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Next Generation of Forest Service

December 2016

New challenges to forest health and new technology with which to deal with those challenges are part of the future of Forest Service science, but not the biggest part. New scientists are the heart of our future; their intellect, curiosity, and spirit will help ensure healthy and sustainable forests for succeeding generations of Americans. This month, we introduce four people who represent the next generation of science leaders. 

Environmental Education Link

Screenshot of Forest SErvice Youth Employment Opportunities webpageStudents and young adults, learn about job opportunities with the Forest Service.

Sue Crocker

Sue Crocker

As part of a college field ecology class, “The Natural Resources of Alaska,” Sue Crocker volunteered as a forestry technician on the Chugach National Forest and roamed one of the world’s most wild and scenic places. “It was there, managing forests in the aftermath of a devastating spruce bark beetle infestation that I learned firsthand how forest and insect management are intertwined,” she said. “This introduction to forest health set me on a path to continue investigating the interactions between forest insects and their environment.”

Early in her Forest Service career as a research forester, Crocker worked on a Forest Inventory and Analysis field crew where she spent long days in the woods collecting forest inventory data to be used for long-term forest health monitoring. Now, she spends more time sitting her desk using a variety of GIS and statistical techniques to develop landscape-level models to categorize risk, predict patterns of dispersal, and identify stand characteristics that are favorable for outbreaks of insects such as emerald ash borer and eastern larch beetle. These models provide information land managers and regulatory agencies can use to develop mitigation strategies designed to slow the spread of insect outbreaks and reduce their impacts on urban and rural forest resources.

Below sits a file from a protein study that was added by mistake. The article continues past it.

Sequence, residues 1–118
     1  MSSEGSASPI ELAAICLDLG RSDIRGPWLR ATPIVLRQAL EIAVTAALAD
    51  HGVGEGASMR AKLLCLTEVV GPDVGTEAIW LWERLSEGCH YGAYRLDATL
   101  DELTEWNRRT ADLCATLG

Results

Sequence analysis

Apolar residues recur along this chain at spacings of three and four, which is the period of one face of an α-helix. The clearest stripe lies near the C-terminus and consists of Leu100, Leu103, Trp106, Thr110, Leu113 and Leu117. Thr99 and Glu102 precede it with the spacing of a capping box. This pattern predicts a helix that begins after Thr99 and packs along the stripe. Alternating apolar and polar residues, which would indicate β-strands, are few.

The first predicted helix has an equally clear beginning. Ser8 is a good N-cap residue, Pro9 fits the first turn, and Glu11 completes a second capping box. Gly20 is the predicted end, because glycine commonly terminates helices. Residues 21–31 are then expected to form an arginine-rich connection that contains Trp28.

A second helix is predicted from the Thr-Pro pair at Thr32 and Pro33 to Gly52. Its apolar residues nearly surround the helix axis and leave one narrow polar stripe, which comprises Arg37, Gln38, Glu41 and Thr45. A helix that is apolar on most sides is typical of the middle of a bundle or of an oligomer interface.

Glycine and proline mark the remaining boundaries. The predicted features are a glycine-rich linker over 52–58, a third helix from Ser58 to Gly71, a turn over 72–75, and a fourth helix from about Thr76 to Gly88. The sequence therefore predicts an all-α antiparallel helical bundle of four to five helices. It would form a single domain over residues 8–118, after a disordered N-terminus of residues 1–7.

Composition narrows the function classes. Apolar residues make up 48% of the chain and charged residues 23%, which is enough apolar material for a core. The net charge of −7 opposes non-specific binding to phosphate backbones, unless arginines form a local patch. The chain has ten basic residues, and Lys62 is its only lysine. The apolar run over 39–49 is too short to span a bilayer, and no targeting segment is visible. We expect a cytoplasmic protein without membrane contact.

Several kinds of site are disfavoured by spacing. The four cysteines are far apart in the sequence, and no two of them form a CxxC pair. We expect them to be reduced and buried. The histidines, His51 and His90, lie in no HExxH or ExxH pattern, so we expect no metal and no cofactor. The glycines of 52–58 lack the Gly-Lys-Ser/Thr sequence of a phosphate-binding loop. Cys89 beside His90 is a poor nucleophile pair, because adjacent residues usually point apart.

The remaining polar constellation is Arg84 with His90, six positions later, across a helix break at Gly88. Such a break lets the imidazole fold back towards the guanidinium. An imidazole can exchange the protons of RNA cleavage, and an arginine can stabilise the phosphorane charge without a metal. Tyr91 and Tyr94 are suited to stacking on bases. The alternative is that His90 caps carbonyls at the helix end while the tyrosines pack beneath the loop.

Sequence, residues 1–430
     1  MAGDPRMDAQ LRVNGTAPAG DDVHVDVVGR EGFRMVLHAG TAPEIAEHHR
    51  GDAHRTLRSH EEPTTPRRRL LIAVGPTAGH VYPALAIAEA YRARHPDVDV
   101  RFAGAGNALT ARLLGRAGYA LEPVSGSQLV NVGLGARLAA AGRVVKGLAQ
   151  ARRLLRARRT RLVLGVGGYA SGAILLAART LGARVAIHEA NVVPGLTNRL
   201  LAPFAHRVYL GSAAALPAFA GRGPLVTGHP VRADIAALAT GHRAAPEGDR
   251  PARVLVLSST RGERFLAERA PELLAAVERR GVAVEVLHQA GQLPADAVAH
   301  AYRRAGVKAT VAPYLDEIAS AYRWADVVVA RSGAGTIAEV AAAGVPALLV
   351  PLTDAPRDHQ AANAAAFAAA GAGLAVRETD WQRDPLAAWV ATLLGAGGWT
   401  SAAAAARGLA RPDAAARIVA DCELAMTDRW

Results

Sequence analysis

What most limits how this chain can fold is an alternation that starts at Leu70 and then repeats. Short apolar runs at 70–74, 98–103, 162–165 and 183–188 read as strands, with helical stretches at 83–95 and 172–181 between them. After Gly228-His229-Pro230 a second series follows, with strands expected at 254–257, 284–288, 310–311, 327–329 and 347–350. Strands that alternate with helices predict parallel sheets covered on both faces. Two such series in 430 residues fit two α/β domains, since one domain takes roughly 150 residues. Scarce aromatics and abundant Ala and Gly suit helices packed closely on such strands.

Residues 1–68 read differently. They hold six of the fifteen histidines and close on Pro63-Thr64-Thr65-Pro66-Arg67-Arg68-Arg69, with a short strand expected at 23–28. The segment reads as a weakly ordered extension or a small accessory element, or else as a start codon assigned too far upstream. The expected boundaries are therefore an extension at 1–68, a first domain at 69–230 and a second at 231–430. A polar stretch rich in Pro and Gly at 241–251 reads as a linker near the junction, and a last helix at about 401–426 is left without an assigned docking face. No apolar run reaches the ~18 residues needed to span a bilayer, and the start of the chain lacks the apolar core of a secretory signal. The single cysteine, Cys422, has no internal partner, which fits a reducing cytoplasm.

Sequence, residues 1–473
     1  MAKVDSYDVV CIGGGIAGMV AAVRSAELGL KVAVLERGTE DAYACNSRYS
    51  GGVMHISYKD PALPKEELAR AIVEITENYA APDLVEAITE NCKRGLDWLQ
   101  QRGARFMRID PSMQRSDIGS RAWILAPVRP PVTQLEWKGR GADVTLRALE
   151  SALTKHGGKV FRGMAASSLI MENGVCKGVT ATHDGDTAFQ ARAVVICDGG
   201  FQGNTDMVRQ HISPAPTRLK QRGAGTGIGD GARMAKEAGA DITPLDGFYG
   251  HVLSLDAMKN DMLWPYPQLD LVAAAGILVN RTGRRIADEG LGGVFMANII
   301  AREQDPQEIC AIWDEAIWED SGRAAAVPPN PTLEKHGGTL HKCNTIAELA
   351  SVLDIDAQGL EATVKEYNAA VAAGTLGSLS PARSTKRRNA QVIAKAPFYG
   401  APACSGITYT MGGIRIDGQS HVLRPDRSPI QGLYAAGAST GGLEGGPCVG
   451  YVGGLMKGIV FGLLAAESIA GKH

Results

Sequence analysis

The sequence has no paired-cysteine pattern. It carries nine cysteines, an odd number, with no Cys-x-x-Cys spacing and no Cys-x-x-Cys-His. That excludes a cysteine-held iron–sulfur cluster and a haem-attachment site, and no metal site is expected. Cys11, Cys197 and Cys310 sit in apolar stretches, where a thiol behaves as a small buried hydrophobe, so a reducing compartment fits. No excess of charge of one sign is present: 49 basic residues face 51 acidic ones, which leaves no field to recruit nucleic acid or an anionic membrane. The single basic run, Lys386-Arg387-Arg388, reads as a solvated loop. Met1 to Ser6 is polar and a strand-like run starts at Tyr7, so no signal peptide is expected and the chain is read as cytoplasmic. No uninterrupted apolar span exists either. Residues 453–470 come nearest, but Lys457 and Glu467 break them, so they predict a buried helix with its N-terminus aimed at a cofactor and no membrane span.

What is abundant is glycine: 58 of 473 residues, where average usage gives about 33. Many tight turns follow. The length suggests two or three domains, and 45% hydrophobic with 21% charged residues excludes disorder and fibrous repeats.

Currently, Crocker is investigating tamarack tree mortality from eastern larch beetle.   In addition to the science she is interested in innovative ways of delivering science.  “What has been particularly exciting about this project is using a new digital tool called an ESRI story map to translate results of the study into an interactive format to appeal to a wider audience,” said Crocker. 

Childhood experiences helped to foster Crocker’s appreciation of the natural environment.  “When my sisters and I were growing up, our dad always centered family vacations around an exploration of the outdoors. We spent a lot of time visiting our National Forests and Parks, which allowed me to experience the wonders and diversity that our country’s ecosystems have to offer.”  

What advice does she have for new Forest Service scientists? “Be passionate about what you do and challenge yourself to keep reaching new heights.”

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Matt Peters

Matt Peters

The road to achieving the rank of Eagle Scout is rooted in outdoor experiences, and for Matt Peters, that road sparked an interest in natural resources that culminated in a career in Forest Service science.

“In Boy Scouts, I spent a lot of weekends camping and spending time outdoors, and that experience made me want to pursue a career that to some extent involved the outdoors,” Peters said. “Of course, now I am indoors looking at nature via GIS and remote sensing, but the challenge of geospatial processing is rewarding enough to offset that.”